Boat introductions again were down from pre-2008 numbers, but several builders unveiled new models. Grand Banks added its pod-drive offerings with the Zeus-powered 46 Eastbay SX; Donzi Yachts by Roscioli launched the R-73 open flybridge sportfisherman; Mochi Craft’s new Long Range 23 is a hybrid power cruiser; Vicem Yachts debuted its 72 Classic Flybridge and showed its 92 Cruiser for the first time at Fort Lauderdale; Selene Ocean Trawlers showed its new 60-footer; and Bertram unveiled the 511 sportfisherman. Other debuts came from Sea Ray (450 Sundancer), Grady-White (Canyon 366), and Boston Whaler (320 Outrage).
A lot of the boatbuilders were pretty happy, because the Lauderdale show is one of their last chances to display boats to big crowds before the winter show season. Lauderdale Marina sold “nine to 10” Boston Whalers and a similar number of Pursuits – a new line for one of Fort Lauderdale’s oldest dealerships, says Scott Clark, vice president and general manager.
Some of the sales were at the upper end of the product line – $412,000 Boston Whaler 370 Outrages, 34-foot Conquests, and 34- and 37-foot Pursuits – while others were at the low end – a $12,500 runabout, for example. Most were 2010 models. Clark says he had cleared out his 2007s and ’08s and most of his ’09s before the show. He says his sales staff didn’t have to deeply discount the 2010s.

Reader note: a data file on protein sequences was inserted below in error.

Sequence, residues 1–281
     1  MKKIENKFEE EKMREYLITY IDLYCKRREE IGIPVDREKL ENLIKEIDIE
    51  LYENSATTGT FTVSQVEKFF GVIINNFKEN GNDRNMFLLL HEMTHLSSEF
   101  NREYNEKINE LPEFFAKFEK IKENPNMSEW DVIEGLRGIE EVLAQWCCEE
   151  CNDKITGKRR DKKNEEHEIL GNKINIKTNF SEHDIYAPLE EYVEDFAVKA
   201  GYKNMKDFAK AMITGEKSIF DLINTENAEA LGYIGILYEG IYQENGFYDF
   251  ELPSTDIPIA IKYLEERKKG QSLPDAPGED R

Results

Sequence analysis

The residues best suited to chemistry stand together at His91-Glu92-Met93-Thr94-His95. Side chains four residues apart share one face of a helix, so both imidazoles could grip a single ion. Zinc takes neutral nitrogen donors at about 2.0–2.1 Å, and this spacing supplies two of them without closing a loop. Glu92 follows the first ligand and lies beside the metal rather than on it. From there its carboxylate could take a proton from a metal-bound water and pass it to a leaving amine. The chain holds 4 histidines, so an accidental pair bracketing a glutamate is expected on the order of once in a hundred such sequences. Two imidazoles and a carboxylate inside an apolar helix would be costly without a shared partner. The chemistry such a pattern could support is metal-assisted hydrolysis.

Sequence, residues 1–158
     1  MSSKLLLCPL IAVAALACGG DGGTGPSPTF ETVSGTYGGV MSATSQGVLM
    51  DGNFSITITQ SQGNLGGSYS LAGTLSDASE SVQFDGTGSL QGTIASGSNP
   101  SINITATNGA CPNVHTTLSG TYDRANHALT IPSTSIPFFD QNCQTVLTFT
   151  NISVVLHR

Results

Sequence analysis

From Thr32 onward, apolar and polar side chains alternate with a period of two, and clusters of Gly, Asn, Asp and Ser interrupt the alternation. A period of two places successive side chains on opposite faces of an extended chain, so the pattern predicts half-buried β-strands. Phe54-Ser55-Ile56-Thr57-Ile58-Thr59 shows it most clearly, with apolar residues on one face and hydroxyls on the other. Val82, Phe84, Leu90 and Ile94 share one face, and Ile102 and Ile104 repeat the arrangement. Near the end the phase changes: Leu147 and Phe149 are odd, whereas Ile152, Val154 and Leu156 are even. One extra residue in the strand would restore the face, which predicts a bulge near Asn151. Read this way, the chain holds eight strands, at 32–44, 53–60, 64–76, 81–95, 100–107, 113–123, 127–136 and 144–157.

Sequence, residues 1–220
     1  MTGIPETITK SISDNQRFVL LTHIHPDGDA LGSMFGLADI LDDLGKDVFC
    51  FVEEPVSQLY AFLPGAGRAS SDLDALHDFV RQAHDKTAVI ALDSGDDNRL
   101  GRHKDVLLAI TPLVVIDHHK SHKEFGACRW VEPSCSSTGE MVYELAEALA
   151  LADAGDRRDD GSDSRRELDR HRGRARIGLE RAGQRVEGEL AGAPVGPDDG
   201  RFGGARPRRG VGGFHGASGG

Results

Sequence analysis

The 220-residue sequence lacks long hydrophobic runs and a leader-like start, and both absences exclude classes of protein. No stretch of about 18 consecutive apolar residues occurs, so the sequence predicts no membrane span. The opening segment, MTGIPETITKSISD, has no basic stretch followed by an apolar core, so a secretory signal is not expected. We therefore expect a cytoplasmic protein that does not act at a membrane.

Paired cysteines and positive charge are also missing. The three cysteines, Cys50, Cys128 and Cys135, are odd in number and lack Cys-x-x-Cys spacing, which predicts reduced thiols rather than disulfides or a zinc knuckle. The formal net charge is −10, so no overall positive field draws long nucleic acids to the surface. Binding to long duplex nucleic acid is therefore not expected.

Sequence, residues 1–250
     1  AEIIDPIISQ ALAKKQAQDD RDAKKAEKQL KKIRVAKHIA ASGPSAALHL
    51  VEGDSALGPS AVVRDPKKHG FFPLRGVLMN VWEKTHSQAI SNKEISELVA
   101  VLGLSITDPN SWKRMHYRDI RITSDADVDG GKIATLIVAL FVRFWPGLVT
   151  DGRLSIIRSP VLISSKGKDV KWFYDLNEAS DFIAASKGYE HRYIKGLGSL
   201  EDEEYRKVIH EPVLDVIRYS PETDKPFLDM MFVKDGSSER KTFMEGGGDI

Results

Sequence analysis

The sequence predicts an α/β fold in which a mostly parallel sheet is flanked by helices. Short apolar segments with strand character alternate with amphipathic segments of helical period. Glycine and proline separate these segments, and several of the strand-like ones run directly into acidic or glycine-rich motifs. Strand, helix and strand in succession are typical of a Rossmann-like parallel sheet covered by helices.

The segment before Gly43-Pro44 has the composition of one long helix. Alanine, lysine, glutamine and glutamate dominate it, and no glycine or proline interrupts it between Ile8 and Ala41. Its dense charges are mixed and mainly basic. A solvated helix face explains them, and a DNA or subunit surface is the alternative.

“For us, this was a turnaround point,” he says.
The sales scene
Exhibit space at the Fort Lauderdale Convention Center was scaled back significantly, but some smaller builders there still reported strong sales. “We had a surprisingly strong show, with six boats from 17 to 33 feet sold so far,” says Peter Truslow, president of EdgeWater Powerboats. All were cash deals – two 17-footers and an 18-, a 26-, a 31- and a 33-footer, according to Truslow.
“We also have some other orders coming in from our foreign dealers and expect to close more deals,” he says.